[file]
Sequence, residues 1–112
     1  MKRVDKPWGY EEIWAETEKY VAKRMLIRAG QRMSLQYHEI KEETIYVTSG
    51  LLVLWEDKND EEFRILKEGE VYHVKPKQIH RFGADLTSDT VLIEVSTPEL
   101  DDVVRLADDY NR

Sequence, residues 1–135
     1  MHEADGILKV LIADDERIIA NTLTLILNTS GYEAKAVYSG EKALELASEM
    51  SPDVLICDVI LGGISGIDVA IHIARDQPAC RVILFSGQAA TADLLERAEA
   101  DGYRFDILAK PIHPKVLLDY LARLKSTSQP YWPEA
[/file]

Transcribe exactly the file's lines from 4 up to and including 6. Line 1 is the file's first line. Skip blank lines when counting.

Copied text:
   101  DDVVRLADDY NR

Sequence, residues 1–135
     1  MHEADGILKV LIADDERIIA NTLTLILNTS GYEAKAVYSG EKALELASEM